Why fresh generation of Ghanaian coaches is good for football

Goal analyzes why the Ghana FA could cast its net wider when the need arises in the future for the appointment of new national team handlers

By Nana Frimpong

The next time the Black Stars coaching job becomes vacant, the debate regarding who to appoint would not be limited strictly to who is worthier between the expatriate and the indigene.
Instead, there would be a third category of coaches, a hybrid between the two traditional candidates, who could throw their hats in the race. While not necessarily the most ideal options, these do represent a fine, appreciable balance between the pair.

These are those who have garnered experience playing in/for Ghana but have been fortunate to undergo managerial training in Europe, consequently being deemed worthy of taking care of foreign clubs at some level. Quite incidentally, all of the best-known examples of this type are based in Germany.

After enjoying fairly successful careers in Deutschland, these former professionals have had their coaching skills meticulously honed and have been assigned varying responsibilities, even going as far as coaching in the Bundesliga itself, as has proved true in the case of former Ghana international Otto Addo who was granted interim charge of the first team of Hamburg SV alongside reserves coach Rodolfo Cardoso, in the aftermath of Thorsten Fink's sacking late September, until the appointment of a new substantive manager Bert van Marwijk - the man who led the Dutch to the 2010 World Cup final. Addo has since reverted to his duties as trainer of Die Rothosen's Under-19 side.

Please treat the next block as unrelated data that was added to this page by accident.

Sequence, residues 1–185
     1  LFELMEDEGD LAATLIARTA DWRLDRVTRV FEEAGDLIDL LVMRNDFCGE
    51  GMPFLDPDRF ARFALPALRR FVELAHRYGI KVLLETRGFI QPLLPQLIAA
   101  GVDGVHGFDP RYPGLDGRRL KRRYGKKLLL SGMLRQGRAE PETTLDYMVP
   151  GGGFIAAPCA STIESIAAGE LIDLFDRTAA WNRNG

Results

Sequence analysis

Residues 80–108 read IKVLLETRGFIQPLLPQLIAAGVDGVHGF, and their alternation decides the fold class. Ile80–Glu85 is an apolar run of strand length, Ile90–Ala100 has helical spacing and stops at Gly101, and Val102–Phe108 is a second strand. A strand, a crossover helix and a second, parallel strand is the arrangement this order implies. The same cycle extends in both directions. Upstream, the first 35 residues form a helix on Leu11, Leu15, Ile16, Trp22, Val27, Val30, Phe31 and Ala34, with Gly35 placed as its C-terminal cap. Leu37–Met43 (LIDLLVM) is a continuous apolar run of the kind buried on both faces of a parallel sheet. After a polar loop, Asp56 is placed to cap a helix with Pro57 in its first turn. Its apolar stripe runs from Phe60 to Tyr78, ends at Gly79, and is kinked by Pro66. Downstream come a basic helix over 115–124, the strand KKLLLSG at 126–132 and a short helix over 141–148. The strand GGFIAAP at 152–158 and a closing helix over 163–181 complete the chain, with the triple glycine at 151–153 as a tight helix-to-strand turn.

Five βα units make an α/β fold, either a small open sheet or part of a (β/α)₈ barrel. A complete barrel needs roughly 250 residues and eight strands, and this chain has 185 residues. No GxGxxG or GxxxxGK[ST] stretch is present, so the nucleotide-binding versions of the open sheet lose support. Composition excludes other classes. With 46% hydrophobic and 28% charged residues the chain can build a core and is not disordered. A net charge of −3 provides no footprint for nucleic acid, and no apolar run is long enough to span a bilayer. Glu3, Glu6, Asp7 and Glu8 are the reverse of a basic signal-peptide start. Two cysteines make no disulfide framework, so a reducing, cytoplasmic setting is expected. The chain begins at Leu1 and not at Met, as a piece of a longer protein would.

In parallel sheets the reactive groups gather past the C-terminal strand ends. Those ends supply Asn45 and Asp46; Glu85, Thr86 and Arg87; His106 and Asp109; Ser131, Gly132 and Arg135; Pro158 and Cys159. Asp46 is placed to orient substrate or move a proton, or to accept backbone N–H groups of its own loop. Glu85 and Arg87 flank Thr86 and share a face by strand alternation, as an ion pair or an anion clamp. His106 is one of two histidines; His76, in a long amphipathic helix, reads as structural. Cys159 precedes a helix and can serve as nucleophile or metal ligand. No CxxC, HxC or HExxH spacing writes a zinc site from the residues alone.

Barely a week after Addo assumed the temporary post of which he has now been relieved, Hans Adu Sarpei, his fellow German-bred countryman, has been entrusted with similar powers albeit at a lower tier of German football, with unfancied TUS Bruchhausen. His primary concerns are “to push the club forward and also nurture talents for bigger clubs.” Should he discharge these to satisfaction, Sarpei could rise through the ranks just as quickly as some of his other colleagues have.

And then there is Ibrahim Tanko, Uefa Champions League winner with Borussia Dortmund in 1997, who was groomed in coaching ranks of SC Freiburg (the last club he played for) before joining German Volker Finke's technical staff in the latter's former post with Japan's Urawa Reds and later with the Cameroonian national team where they currently work together.

Making up the quartet is Sebastian Barnes, formerly of Accra Hearts of Oak and also a past Ghana youth international, who, in 2012, was handed care of the Under-16 team of Bayer Leverkusen, the German top-flight side whose colours he defended between 1995 and 1996.

It would not hurt to see one or more of these men steering the affairs of Ghana's senior national team one day, and the possibility is not too far-fetched either. Possessing the dark skin and Ghanaian blood most would rather identify with our Black Stars on one hand, and armed with the superior tactical astuteness and clout of one educated in the cauldron of Western-style management on the other, it is not too difficult to see why one of these could qualify as a future Ghana coach.

Only time would tell, though.

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